Demand for water is overtaking supply in the Western Cape, as a change of -0.1% was recorded over the past week in the province’s dam levels. For the week prior, there was a small rise of 0.4% in the levels.
The insufficient rainfall of this past winter in particular can be seen in a comparison between the level of the Theewaterskloof Dam as measured on 25 September every year: in 2013 this major dam, on which the City of Cape Town as well as agricultural regions are dependent, was 104.5% full. Last year this time it was 53.2% full.
This week it stands at 28.4%, of which, it should be noted, the last 10% is not considered usable because of silt and mud.
Comparative levels of the six major dams of the Western Cape, 2013 – 2017. Note the Theewaterskloof Dam in bright blue. See the graph in full size here. Source: City of Cape Town
More than two months ago it was 20% full; the small gains made during the winter could be quickly lost as summer approaches, the rainy season for the Cape passes and water usage increases.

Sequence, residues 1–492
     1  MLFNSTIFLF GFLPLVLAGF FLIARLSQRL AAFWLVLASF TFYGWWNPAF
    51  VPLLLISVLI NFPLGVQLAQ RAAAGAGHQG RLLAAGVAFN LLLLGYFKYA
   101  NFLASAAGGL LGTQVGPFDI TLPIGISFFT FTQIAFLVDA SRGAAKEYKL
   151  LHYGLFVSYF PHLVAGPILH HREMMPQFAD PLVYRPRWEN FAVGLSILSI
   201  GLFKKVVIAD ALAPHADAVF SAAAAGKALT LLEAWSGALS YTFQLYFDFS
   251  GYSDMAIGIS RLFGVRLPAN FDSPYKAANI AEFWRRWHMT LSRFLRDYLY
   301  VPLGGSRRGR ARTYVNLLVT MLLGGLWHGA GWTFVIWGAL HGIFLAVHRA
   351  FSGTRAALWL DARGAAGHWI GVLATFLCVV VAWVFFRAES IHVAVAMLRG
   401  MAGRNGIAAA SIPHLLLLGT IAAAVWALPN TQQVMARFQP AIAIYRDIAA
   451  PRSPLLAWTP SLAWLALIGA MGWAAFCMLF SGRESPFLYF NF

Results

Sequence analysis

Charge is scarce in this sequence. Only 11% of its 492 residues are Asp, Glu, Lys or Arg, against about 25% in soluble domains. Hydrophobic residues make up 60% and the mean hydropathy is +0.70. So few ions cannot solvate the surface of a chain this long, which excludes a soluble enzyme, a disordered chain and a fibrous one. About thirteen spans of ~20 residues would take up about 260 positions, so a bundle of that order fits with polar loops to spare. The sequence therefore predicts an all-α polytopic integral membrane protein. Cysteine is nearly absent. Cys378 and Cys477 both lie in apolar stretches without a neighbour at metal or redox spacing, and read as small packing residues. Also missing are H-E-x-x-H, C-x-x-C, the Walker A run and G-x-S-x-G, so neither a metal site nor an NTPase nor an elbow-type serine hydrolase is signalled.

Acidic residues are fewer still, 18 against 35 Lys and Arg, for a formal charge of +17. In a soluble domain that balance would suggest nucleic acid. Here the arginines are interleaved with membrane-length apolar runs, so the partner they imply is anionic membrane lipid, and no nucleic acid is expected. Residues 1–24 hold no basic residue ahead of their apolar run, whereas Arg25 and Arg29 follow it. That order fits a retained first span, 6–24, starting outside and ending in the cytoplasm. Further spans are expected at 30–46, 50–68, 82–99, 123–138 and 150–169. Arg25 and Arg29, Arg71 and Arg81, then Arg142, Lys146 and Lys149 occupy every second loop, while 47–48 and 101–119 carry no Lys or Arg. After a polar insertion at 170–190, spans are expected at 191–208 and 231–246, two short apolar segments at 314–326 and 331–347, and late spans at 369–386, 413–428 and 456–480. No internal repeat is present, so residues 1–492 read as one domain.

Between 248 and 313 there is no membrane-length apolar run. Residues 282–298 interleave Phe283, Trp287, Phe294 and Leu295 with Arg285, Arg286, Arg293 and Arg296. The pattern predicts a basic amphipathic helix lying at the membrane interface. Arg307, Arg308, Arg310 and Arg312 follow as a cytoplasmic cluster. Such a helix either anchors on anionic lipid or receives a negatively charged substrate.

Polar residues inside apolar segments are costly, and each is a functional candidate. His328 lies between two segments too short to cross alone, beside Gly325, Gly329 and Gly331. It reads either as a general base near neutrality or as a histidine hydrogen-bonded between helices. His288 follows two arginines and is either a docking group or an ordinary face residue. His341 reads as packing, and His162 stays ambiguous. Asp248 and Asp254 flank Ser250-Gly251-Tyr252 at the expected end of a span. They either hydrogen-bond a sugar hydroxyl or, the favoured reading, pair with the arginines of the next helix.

High pressure cells are playing havoc with the Cape’s weather systems through weakening the cold fronts that bring precipitation. A month ago FreshPlaza was told that only storms and flooding could still pull off a decent amount of rain from the 2017 winter, to not only fill the major provincial dams but also the myriad of smaller farm dams, but time is running out and nothing of the sort seems forthcoming.
Meanwhile, the first rain of the summer has just fallen over the interior of the country with some predictions of good summer rainfall to follow.